Thursday, May 7, 2009

Lifting Solutions For Caregivers

You already know how many potential pitfalls there are when caring for someone, whether by profession or as a family member. You usually stumble into most of them if you are not a caregiver by profession. Even professionals come upon some surprises.

One of the big issues to confront as a caregiver is lifting, especially if the individual under your watch is not ambulatory. However, some of the more serious injuries occur with individuals who have some ambulation; it is easy to let your guard down as a caregiver when you believe that someone can usually make a transfer from one location to another fairly easily.

Of course, preventing falls to the individual under your care is essential. Your own health and safety are also of primary importance. Keeping those outcomes foremost in our minds, let's look at various options for assisting with a lift or lifting the individual.

For assisting with transfers from one location to another consider these common, but essential tools:
  • grab bars and other support poles that can be placed around the home

  • transfer boards, benches and disks that allow the individual some control over his/her movements and are typically used for bathing, moving into or out of vehicles, chairs or beds

  • gait belts which can be placed around the individual to provide a wide, safe area to grab onto and hold while someone is trying to walk; handles are available to use with the gait belt to make the process even easier for the caregiver; vests and other devices are becoming more common to ensure even more support while assisting an individual to a standing position

For lifting someone who is not ambulatory, it is prudent to use one of the following types of patient lifts:

  • "Hoyer" so named for the company that first manufactured the lift that was patented in 1955 by R.R. Stratton as "floor crane with adjustable legs." The patent uses the analogy of an automotive crane used to lift engines. This type of lift uses a sling (often the sling used depends on the physical situation of the individual needing it, for example, an amputee sling, or the reason for the usage, such as a "toileting" sling that has an opening to allow the individual to be lowered onto a commode or toilet.

  • Stand-assist lift, which cradles the back with a sling and provides reinforcement and padding at the legs and knees while the caregiver pulls the individual forward into a standing position. The advantage of this lift is for those who cannot bend easily, or who have an adverse reaction to be lifted in a seated position as happens with the "Hoyer."

  • Easy-Pivot lift, which we have blogged about previously. Developed by a Coloradoan who became a quadrapeligic as a young man and resisted what he called the indignities and discomfort of the "Hoyer" for both himself and his caregiving wife. This lift works with an individual already in a seated position, requiring a sling beneath the buttocks and around the knees. The individual "drapes" over a padded front piece and is safely lifted and moved to another seated position. It works well for those with little to no leg movements or strength so cannot easily be lifted to a standing position.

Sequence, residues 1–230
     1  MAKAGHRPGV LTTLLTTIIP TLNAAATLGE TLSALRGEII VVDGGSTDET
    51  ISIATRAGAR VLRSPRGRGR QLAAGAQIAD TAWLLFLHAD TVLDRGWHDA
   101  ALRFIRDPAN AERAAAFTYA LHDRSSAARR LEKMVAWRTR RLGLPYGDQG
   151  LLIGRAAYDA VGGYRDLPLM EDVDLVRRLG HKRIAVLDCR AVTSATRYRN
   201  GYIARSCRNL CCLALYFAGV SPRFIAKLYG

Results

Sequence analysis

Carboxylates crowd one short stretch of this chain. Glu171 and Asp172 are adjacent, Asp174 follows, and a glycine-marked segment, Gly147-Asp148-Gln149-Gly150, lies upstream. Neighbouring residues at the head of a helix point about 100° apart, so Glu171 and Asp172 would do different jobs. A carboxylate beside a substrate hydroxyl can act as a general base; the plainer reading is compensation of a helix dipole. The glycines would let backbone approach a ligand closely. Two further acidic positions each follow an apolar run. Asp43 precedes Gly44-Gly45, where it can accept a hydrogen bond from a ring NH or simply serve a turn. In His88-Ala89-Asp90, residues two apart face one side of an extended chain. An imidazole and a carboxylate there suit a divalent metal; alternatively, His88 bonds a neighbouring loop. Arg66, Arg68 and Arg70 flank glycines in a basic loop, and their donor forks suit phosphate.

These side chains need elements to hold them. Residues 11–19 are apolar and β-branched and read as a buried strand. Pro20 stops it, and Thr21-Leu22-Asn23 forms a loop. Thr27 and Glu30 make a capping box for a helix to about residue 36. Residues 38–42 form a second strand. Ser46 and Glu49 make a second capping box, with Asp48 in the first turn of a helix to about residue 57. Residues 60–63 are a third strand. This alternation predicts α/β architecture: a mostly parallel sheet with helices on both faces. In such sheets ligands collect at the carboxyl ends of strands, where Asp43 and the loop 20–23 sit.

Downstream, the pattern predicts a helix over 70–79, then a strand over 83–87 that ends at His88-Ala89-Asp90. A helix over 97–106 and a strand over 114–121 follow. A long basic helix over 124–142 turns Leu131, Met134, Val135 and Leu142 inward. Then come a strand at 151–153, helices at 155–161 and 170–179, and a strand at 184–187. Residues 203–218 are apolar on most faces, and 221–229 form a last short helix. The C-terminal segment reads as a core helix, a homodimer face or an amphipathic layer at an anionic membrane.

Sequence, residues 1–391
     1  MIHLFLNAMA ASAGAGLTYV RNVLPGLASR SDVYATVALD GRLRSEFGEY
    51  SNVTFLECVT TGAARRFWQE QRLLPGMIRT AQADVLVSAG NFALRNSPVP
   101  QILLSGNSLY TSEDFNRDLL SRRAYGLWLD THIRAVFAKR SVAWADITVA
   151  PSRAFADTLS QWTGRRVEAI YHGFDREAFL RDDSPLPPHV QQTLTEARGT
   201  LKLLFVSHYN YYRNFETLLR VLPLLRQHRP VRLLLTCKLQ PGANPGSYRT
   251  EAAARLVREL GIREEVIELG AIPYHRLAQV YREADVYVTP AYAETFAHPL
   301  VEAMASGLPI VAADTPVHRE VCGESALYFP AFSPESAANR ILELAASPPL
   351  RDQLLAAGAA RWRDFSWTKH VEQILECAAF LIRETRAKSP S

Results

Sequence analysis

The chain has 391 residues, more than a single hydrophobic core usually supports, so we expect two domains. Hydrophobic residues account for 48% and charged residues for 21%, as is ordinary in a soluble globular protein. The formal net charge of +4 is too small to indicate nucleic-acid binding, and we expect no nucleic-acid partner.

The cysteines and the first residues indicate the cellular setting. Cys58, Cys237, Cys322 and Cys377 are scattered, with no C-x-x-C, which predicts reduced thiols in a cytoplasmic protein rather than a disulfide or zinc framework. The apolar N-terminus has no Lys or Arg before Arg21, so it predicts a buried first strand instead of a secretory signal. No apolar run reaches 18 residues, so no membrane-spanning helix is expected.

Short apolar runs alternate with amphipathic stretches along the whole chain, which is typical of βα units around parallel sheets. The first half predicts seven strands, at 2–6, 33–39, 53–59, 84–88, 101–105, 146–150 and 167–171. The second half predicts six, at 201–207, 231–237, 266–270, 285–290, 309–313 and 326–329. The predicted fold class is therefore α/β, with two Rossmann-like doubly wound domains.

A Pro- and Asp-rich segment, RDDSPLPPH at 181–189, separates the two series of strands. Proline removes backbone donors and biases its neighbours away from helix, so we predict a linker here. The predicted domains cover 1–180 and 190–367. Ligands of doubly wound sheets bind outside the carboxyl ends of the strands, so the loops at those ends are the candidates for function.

• Ceiling lifts have become increasingly more popular as individuals are cared for in the home. The other lifts mentioned above have wide (mostly adjustable) bases that can be altered somewhat to fit around chairs, beds and commodes. However, they are often too wide for use in a home, especially a smaller home, and cannot be used effectively to transfer someone to most bathtubs. Ceiling lifts can be mounted in every room of the house, including some that offer a track to connect through doorways. The patient or caregiver controls the movement of the lift along the track with a remote.

  • Freestanding overhead lifts offer a more convenient and often less expensive way to provide some of the same advantages of a ceiling lift. This A-framed mechanism is placed over a bed or between transferring locations. It is most useful for lifting and transferring individuals who are not moved among widely divergent places in the home since the frame has limitations.

Caregiving is hard, and sometimes dangerous, whether you do this work professionally or as a family member or friend. Please remember to honor the two key principles of preventing falls and further injury to the individual you are caring for AND preventing injury to yourself. Be smart about lifting and consider using some of these tools. Let Capabilities help you assess the situation. We do free home assessments to work with you and your family on what solutions might be best. Contact us for more information. Please post your ideas on caregiving and tools you have used using the link provided below or sending us an email.

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